12. I struggled for 59:29 with this, but having got VANITY PROJECT in mind for 9d, popped in the VANITY bit and didn’t rethink it when BUSINESS arrived. It wouldn’t have mattered anyway as I’d managed to mistype TISPTERS at 16a. Best to draw a veil over this one! Thanks Dean and K.

  13. Needed aids for MANAMA and AITCHBONE. Time off the scale, beyond anything clocked in the fourth dimension. I don’t think I can handle Dean in dictatorial mood. But thank you Dean for the challenge, and to K for the explanations.

  14. It was “foul” as “jam” that threw me. I bunged the answer in eventually. I hate putting in answers that I haven’t parsed. I found this very hard. Clocked out at 56 minutes.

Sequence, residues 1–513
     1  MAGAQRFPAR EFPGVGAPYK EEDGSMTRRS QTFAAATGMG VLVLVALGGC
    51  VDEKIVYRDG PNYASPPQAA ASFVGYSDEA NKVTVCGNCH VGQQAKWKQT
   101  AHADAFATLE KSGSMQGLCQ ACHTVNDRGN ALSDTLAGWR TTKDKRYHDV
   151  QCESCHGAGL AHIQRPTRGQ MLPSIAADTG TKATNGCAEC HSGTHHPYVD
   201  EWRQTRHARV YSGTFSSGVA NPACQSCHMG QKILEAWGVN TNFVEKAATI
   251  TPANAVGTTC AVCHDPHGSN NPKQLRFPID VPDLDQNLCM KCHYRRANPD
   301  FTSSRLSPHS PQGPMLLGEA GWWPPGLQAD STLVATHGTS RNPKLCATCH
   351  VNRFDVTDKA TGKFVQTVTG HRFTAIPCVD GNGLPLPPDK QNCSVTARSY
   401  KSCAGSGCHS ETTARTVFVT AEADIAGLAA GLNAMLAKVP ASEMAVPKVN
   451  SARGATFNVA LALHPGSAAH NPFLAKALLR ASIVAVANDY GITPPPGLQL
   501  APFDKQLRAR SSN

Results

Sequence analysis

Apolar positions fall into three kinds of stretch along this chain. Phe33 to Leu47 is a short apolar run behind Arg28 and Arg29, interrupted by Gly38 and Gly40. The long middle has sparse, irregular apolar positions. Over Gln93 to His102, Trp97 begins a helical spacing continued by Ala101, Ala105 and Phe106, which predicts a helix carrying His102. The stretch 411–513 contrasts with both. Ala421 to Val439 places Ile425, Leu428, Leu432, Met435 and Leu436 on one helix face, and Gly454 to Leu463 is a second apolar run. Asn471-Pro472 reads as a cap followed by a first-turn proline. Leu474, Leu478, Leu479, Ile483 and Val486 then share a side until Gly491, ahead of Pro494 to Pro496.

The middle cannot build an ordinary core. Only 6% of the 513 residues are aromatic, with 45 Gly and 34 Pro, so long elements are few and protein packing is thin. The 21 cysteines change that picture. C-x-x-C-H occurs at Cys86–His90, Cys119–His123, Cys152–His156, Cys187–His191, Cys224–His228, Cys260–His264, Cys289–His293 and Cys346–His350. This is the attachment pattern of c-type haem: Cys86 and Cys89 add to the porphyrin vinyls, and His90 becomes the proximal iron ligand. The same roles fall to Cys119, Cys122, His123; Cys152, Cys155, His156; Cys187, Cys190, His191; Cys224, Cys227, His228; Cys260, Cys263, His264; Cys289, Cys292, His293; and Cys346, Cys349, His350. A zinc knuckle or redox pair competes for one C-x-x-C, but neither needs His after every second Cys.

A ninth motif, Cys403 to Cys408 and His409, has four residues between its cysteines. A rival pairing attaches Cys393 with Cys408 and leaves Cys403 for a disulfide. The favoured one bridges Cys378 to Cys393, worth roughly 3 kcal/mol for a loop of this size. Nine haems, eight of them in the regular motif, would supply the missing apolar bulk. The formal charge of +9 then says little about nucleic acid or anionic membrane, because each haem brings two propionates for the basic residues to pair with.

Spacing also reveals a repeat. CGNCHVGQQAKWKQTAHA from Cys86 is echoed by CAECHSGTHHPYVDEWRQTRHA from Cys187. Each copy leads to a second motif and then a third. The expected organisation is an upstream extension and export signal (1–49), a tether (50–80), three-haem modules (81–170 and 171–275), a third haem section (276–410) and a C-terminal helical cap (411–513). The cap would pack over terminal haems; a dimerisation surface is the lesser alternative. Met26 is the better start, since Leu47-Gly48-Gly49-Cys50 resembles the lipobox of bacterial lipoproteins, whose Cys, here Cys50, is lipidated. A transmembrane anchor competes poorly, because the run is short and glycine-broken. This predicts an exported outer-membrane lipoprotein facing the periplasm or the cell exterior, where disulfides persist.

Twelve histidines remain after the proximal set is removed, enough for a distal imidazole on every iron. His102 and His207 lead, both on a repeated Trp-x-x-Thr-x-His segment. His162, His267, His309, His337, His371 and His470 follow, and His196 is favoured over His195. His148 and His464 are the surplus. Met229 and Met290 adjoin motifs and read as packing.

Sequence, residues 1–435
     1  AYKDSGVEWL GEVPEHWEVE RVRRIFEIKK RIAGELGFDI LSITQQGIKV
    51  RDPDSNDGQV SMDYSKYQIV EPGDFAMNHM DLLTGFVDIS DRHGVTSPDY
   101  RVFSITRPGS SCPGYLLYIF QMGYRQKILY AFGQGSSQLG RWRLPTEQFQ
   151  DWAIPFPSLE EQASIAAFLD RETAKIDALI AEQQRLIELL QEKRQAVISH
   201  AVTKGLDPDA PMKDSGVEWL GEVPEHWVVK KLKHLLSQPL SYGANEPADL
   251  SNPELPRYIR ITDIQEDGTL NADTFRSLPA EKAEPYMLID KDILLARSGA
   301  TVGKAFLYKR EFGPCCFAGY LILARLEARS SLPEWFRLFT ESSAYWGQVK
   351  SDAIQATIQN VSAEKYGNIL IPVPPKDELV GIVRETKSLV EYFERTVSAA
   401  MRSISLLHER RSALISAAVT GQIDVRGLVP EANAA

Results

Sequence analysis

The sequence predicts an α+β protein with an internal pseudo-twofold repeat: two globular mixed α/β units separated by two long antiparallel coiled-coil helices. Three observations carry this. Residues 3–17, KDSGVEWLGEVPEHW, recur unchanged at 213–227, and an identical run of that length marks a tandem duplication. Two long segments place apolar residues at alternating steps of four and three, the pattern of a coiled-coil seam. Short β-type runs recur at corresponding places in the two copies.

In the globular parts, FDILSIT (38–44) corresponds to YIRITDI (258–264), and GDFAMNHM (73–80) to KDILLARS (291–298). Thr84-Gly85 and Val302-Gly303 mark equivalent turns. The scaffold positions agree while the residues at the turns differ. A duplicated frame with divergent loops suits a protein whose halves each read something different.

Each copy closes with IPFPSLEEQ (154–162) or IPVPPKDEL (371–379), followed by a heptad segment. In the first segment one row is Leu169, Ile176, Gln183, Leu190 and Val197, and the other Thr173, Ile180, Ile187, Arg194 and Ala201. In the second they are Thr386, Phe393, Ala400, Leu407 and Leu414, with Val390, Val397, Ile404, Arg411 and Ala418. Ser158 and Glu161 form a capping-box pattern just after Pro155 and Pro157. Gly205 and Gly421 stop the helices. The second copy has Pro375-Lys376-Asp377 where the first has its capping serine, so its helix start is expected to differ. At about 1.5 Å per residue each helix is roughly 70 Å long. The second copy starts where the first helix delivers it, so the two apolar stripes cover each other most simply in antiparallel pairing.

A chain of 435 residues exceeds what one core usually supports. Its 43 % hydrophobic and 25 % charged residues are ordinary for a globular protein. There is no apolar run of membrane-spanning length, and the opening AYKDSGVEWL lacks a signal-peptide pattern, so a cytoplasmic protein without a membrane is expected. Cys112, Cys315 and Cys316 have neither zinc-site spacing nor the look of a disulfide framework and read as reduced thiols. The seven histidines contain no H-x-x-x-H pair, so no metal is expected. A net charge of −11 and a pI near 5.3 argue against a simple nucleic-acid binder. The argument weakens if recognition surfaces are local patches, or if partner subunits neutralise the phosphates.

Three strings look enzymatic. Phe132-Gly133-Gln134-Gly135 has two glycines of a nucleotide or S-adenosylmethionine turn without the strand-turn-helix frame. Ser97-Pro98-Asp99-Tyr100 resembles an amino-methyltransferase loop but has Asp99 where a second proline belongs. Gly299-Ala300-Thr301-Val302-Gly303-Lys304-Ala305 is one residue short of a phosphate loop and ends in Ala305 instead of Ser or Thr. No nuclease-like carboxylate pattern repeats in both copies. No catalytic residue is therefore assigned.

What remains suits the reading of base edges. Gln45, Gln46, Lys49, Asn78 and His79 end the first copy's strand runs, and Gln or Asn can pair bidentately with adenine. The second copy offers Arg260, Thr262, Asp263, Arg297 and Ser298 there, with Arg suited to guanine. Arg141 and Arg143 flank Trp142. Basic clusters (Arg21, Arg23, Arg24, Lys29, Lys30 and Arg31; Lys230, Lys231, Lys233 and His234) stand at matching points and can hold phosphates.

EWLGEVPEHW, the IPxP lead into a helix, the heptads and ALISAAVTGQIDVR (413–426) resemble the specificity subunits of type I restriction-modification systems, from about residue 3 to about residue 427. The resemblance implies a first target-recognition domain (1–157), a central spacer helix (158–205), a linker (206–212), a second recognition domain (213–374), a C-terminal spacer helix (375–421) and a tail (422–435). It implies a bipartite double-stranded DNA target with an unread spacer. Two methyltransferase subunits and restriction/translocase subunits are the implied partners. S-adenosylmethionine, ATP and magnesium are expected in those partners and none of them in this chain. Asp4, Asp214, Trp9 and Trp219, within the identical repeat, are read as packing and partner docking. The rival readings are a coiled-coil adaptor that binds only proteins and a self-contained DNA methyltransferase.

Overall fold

15. Coming to this site late after an 8.5 mile walk which has left me completely shattered! Can’t do the distances any more! I agree that this was a stinker – it took me and Mr Ego all day and more to slog our way through, and was ultimately a depressing rather than exhilarating experience, though we got all the answers in the end, but with several question marks that I had to come here to understand. My problem is that I have a horror of giving up, so with the most difficult puzzles I end up doggedly working on the last few clues when all joy has departed! Probably a failing rather than a virtue.

  16. I was chuffed to see the B = A follower quickly. I was lucky that some of the others with difficult parsings were pretty clear from the crossing letters and/or what had to be the definition. Still, close to two hours over several sittings. Thanks setter, ed, blogger